Josh Monopoli, chef de cuisine of Black Cat & Bramble & Hare, on trustafarians, farm-to-table and food hangups
This is part one of my interview with Josh Monopoli, chef de cuisine of Black Cat and Bramble & Hare, Part two of our chat will run tomorrow.
Josh Monopoli is definitely not cooking the same food he made as a teenager growing up in Savannah, Georgia. "My parents were great cooks, and we had family dinners seven nights a week, but I didn't start cooking until I was a teenager, and my signature dish was salami and pepperoni on an everything bagel that I'd pop into the microwave and then dip into salsa," recalls the 26-year-old chef de cuisine at Black Cat and Bramble & Hare, Eric Skokan's season-celebrating restaurants in Boulder. "There's no microwave in Eric's kitchen," notes Monopoli.
Monopoli didn't set out to be a chef, either. When he wasn't zapping energy into his bagels and pepperoni, he was strapped to the computer, working on his programming skills and website-design talents, but a stint as a dish donkey changed his career path. "I needed the money -- I wanted stuff -- and after three or four months scraping plates, the boss moved me up to making sandwiches and pizza and, eventually, the lot line," he remembers. And while he admits it was "a shitty restaurant," he realized, too, that sitting in a cubicle for the duration of the day, his eyes glazed over the computer screen, wasn't the future he wanted.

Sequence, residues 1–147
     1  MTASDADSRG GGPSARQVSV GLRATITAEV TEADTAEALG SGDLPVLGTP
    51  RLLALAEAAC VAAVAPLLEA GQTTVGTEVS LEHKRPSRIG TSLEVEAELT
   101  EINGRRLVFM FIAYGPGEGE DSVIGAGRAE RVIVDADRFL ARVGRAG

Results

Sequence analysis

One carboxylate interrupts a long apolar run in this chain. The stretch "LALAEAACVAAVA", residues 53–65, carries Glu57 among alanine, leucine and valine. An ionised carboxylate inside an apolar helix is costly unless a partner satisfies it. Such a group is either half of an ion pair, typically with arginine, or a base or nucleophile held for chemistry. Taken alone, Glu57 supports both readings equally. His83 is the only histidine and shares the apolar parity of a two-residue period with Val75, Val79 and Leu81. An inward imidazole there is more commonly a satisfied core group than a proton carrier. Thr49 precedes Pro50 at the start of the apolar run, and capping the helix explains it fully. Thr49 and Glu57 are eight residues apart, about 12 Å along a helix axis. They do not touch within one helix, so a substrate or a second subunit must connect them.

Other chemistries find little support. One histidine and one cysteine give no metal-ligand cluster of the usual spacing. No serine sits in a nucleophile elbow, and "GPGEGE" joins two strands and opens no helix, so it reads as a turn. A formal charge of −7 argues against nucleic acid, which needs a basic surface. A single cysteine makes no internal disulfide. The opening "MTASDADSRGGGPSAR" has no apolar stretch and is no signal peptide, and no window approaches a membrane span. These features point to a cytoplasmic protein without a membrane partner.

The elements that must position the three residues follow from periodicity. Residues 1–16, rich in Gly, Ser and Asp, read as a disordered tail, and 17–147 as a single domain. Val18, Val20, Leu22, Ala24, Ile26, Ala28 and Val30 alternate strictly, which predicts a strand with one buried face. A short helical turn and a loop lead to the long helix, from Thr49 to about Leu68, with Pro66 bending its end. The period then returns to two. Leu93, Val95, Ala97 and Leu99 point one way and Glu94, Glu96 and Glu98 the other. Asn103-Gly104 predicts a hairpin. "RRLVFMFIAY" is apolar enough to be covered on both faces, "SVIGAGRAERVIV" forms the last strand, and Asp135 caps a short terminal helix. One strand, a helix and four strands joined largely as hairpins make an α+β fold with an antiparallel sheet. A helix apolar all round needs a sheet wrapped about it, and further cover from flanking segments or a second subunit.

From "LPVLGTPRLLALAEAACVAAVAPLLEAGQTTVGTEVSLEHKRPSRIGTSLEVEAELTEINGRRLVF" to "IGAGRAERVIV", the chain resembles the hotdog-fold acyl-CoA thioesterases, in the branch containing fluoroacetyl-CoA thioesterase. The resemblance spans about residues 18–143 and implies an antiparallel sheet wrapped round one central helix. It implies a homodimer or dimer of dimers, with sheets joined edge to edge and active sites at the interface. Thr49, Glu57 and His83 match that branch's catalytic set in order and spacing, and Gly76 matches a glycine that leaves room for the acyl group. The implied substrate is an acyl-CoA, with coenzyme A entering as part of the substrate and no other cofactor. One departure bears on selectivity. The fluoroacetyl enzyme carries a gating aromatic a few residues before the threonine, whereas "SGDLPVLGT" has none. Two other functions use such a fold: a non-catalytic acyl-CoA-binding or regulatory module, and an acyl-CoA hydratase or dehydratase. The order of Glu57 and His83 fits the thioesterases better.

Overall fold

Instead, Monopoli headed for Atlanta, where he started cooking at a barbecue joint. "It was horrible," he confesses, adding that the manager -- a convicted felon, Monopoli says -- threatened to end his life with a screwdriver after the young cook dared to speak to the manager's girlfriend. "Apparently, I said something inappropriate," surmises Monopoli, who left for a catering gig -- and culinary school at Le Cordon Bleu.
"I learned that I didn't like culinary students very much," says Monopoli. "They graduate thinking that they're so awesome, and they don't understand what it's like to work hard. There's this sense of privilege and entitlement, and while I know I had a bit of a pompous attitude when I graduated, I also knew damn well that I still had a lot to learn."
And it was Holeman and Finch, a farm-to-table restaurant in Atlanta, that taught him to cook -- and think -- like a chef. "The chefs actually ran the food and talked to guests, and that's where I really started to get how to cook food properly, using science as knowledge," he says. He learned, for example, that a "mid-rare steak isn't mid-rare unless it's 49 degrees Celsius, and that an egg coagulates differently for every different degree of Celsius."